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LondonlawyerJ
LondonlawyerJ, Advocate
Category: Law
Satisfied Customers: 777
Experience:  Solicitor with over 15 years experience.
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We have rented a property for 36 years, our landlady die in

Customer Question

We have rented a property for 36 years, our landlady die in July 2013. House left to nephew. It was her wish which she had communicated to us for us to remain in the property as tenants for as long as we wanted, nephew had also written to confirm that he was in agreement with his. In August 2013 he visited us at the property during which time he again advised verbally that he was happy for us to remain as tenants, he followed this up with an email confirming he was happy for us to remain as tenants. However out of the blue in October 2013 we received a solicitors letter given us notice that he would be renewing the Lease in May 2014, this in spite of the fact the house was actually in probate at that time and he wasn't the official owner.
Our question is, with the documentary evidence we have to this effect could be we "sue" him in court for breaking his agreement to remain as tenants, and for the emotional stress and expense we are now incurring?
Submitted: 2 years ago.
Category: Law
Expert:  LondonlawyerJ replied 2 years ago.

LondonlawyerJ :

Hello. I am a solicitor with over 15 years experience. I will try to help you with this.

LondonlawyerJ :

Can you just clarify a few things please. Do you have a written tenancy agreement? I think that there may be an error in your question, is the nephew demanding that you leave in May? Did your bold landlady put hervwish for you to stay in writing?

JACUSTOMER-c63mxtyn- :

Hello,

JACUSTOMER-c63mxtyn- :

Yes there is an error in my question. We do have a lease which he inherited with the house and there is a lot of emails and letters stating he agrees for us to remain as his tenants. However he has been so difficult and unpleasant to deal with we have decided enough is enough and not wanting the cost or stress of a long winded Court battle to seek our rights as protected tenants, we have decided to move out and will be doing so in due course.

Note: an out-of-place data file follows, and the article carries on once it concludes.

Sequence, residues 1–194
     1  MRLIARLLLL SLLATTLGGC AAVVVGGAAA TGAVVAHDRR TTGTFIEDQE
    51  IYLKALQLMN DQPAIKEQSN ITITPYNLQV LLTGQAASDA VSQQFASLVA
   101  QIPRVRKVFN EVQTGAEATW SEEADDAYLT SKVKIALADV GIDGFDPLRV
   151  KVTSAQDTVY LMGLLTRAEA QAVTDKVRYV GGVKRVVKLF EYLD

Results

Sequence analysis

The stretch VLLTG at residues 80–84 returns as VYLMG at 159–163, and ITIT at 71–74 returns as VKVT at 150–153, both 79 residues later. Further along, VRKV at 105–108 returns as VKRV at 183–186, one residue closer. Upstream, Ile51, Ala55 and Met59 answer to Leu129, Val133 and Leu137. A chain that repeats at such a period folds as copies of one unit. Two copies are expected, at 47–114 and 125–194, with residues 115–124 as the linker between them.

JACUSTOMER-c63mxtyn- :

Further, my question is simply this. Can we sue him for the cost of our move.focusing in on his breach of an agreement.for us to stay.?

LondonlawyerJ :

Ok thankyou for that I will reply later today.

LondonlawyerJ :

You anticipated where I was going with protected tenancies. My answer assumes that you are correct that you are a Rent Act protected tenant. As you will be aware protected tenants have a great deal of security of tenure and generally a landlord cannot gain possession of premises unless you are in breach of a term of the tenancy and it is reasonable in all the circumstances for a possession order to be made.

You may have a below market rent and there are restrictions on increases to this as well.

Your situation is that the nephew who has succeeded to the ownership of your property has been difficult and unpleasant to deal with. You have therefore decided to leave your flat.

As a first point in the absence of serious breach of a term of the tenancy I don’t think the proceedings would be difficult or protracted at all. You do not have to seek out your rights you have them. You would win easily and quickly and I doubt the landlord would even start proceedings. The letter from the solicitor may be an attempt to intimidate you. There are also prohibitions and protections for tenants who are the victims of harassment.

You are therefore legally secure in your home and have a very defendable position. Depending on means you might be entitled to legal aid. If you are successful you would get your costs back.

However if you simply abandon your tenancy I don’t think you will be able to claim any damages against the new landlord. Unless the conduct of the new landlord is so outrageous that you have had to flee then I don’t think you can claim.

You have the right to remain in your home and if you leave then it is likely that a court will think you have brought the costs of doing so on yourself.

However, if you want to leave then you can always negotiate. The property will be worth a great deal more without a protected tenant in occupation. You may be able to find out what the difference in value is by asking local estate agents or researching online. That difference in value could be the starting point for negotiations where you seek a payoff from the landlord to leave.

I do not have any knowledge of your general situation but if you are in receipt of means tested benefits or tax credits receiving a lump sum may have an effect in reducing them or removing your entitlement to them entirely.

I hope this has answered your question but please do not hesitate to ask further questions. I would also be grateful if you would please take the time to rate my service.

LondonlawyerJ :

Hello again. I note that you have not responded to the answer I gave you nor have you rated the service I provided please feel free to contact me if you have any questions about this and also I would be grateful if you would please rate my service.

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